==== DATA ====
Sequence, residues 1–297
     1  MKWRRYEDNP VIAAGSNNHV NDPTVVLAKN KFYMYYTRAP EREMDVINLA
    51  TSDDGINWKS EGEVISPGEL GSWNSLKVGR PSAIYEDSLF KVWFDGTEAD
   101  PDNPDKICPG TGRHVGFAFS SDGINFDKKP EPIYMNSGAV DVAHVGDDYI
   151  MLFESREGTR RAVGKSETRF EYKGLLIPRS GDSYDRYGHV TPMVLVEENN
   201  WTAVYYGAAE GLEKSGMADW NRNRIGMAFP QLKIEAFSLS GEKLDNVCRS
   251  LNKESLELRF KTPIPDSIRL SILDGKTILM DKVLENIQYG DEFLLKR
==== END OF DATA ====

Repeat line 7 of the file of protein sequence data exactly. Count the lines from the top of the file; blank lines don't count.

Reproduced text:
   251  LNKESLELRF KTPIPDSIRL SILDGKTILM DKVLENIQYG DEFLLKR